Writing can be pretty fun, especially when you’re in the zone, and you’re writing about something you are really passionate about.
Time flies — words come easy, and next thing you know, you are patting yourself on the back, congratulating the legend you are for the work of art you just completed in under an hour.
Man, I love those days — Those days are fun!
But there are other days — Not so fun ones, where every word you try to get on paper (or screen for that matter) feels like the biggest struggle on earth. Every sentence, every paragraph — even header takes forever to finish and your “oh I just write a quick piece” banter turns into a “pilgrimage to the holy land” kind of mission.
Getting stuck for words really sucks. But as a writer, drawing a blank before you even get the chance to jot down your first words is a sheer nightmare. It was bad — It was an acute form of writer’s block — Actually, it was way worse because to experience writer’s block, you need to know what you want to write about in the first place.
I needed a way out of my misery and started a little experiment to finally get over my, by now way-too-long, “Ideophobia.”
I said to myself; “If I can’t come up with anything remotely interesting to write about, perhaps someone else can,” and I started to write about topics that were important to people around me.
It completely changed my writing. Well, maybe not so much my writing but it definitely boosted my productivity level. I have noticed that since the day I started to include others in my thought process, it has been so much easier to get on a roll and more importantly, to get creative with my writing.
I do this all the time now, even If I have great ideas or topics to write about. In fact, my last three articles on Thought Catalog were all ideas, coming from people other than myself.
As a writer, you want to make sure that what you have to say resonates with people. You need to make sure that you maximize your readers time spent on “you” with exciting content that’s of some value to them and that in itself is a pretty tricky thing to do.
If you waste their time, they will hit that red X at the top left corner (or upper right of course) before you know it.
So let’s have a look at the experiment.
It’s super simple, and you can do it virtually wherever you are and whoever you are with* (I have my 4–5 “go-to” guys and gals as well as a core group of friends I usually turn to).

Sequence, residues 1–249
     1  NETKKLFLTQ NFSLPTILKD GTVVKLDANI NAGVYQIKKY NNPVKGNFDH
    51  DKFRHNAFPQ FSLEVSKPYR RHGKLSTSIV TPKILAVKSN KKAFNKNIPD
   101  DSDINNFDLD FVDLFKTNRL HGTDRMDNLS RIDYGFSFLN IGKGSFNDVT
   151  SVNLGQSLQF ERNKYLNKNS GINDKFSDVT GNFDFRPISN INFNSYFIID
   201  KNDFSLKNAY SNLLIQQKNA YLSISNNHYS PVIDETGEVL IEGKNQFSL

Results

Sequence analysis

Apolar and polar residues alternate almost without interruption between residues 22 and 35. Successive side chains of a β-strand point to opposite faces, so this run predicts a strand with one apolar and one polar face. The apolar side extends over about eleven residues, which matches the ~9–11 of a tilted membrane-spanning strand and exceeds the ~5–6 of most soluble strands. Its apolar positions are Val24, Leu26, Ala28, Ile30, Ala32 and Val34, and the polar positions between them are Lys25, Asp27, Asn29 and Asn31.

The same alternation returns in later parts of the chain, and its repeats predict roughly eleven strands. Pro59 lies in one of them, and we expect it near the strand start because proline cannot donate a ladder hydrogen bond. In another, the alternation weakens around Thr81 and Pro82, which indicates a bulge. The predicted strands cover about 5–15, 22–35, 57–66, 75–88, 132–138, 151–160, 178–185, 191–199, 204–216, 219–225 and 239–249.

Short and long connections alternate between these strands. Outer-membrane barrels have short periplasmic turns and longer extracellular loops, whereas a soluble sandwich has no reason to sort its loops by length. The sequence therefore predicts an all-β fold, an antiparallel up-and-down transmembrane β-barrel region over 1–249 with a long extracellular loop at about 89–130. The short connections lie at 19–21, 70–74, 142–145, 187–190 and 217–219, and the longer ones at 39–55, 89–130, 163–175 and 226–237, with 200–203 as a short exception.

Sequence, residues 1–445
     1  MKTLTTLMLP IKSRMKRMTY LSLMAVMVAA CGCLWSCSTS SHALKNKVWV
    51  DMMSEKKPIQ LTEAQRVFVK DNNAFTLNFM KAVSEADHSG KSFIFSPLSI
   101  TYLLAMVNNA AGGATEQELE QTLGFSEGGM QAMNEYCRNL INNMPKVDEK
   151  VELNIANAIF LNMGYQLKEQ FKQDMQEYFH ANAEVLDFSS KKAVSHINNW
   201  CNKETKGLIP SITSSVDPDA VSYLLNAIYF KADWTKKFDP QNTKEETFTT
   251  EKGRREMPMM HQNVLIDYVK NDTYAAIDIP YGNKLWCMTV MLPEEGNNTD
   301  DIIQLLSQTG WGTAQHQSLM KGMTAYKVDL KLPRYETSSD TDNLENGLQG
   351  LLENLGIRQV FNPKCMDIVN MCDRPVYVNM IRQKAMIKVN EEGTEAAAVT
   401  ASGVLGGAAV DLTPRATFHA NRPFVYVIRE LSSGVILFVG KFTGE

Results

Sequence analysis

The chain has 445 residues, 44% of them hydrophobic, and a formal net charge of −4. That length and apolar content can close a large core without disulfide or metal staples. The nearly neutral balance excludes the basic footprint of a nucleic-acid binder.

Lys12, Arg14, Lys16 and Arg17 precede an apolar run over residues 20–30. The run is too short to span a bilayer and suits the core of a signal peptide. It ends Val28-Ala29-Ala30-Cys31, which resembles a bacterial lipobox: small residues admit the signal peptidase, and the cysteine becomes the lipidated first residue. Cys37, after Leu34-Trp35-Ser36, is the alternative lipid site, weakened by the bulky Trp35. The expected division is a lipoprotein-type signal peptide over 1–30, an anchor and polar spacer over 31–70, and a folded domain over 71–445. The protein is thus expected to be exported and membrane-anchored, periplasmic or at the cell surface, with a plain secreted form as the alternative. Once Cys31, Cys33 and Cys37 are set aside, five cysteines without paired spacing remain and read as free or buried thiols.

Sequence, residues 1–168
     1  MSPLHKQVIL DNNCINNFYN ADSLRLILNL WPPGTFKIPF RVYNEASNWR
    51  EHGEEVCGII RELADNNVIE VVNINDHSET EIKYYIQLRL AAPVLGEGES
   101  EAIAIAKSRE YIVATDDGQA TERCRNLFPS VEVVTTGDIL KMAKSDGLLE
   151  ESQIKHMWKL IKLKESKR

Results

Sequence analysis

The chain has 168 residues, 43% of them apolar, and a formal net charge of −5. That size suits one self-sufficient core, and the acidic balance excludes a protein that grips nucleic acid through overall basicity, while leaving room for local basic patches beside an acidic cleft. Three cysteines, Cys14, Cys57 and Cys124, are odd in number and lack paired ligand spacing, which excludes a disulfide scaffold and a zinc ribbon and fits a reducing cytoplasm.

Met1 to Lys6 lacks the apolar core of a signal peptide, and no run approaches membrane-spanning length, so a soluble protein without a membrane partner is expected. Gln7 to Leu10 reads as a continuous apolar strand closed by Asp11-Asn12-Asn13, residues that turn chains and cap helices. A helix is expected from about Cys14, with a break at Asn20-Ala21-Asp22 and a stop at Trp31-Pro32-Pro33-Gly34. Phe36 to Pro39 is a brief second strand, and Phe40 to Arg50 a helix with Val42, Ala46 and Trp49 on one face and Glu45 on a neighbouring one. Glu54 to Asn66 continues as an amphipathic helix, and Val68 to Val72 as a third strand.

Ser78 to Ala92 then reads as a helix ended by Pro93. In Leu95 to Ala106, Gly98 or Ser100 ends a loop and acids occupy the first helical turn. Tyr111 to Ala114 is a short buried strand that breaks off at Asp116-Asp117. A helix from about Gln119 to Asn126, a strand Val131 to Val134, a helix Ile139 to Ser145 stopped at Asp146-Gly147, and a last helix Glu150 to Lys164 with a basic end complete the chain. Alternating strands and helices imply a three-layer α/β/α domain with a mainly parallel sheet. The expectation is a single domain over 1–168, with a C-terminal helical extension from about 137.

There aren’t really any rules or constraints involved, and you can use it to whatever extent works for you with only one exception; It has to be a topic, rant, gossip, issue, etc. that hasn’t been brought up by yourself.
You have to trust the people you decide to include in this experiment and let them decide your fate.
Talk to your friends, your Mom, your football coach, talk to whoever you think can add legitimate value to your writing.
Make sure you don’t ask them flat out what you should write about but instead engage in conversations. It’s amazing what people give away when you let them talk. Feel out what it is that makes them itch, the things they rave about or what thoughts keep them up at nights.
An oasis of great ideas (or ridiculous ones, depending on how many rounds of tequila shots have been passed around) are dinners with good friends.
Next time you head out with friend’s just sit there, chuck the tequila under the table (IMPORTANT) and listen to what they have to say. It’s unbelievable how much (potentially) great content you can pick up when you spend a few hours with someone you are close with.
Unfiltered, raw ideas or rants tossed around and willingly given away without any F’s given. It’s incredible what kind of things people care about.
Observing what others have to say is hands down my favorite way of generating ideas and let’s be honest; it’s a super lazy approach to get away with really great articles. The chances are pretty high that topics that are getting tossed around among friends during a night out will be issues that are appealing to others too.
Whatever you write about, it needs to stand out! Not in the sense that it MUST be the best piece you’ve ever written, but it needs to spark an interest or create an itch. It needs to fill a void or deliver the answer to a problem and again if it’s important to your friends to go on endless silly rants or off on a tangent about a particular topic, then others will too.
Don’t be afraid to experiment with it. Next time you are out having a good time just wait until someone throws a random topic into the mix and see where it’s going.
Pay attention to the conversation — Take note of the different angles and opinions to one and the same problem.
I really want you to focus on the “heavy hitters” of the conversation. For instance, what exactly is it that sets people off? Which argument created the longest, most heated debate among your friends?
It’s so easy to do, and a surefire way for you to come up with an article, short story or even some fiction people will love, simply because it’s current, close to their hearts and a piece they can most likely relate to.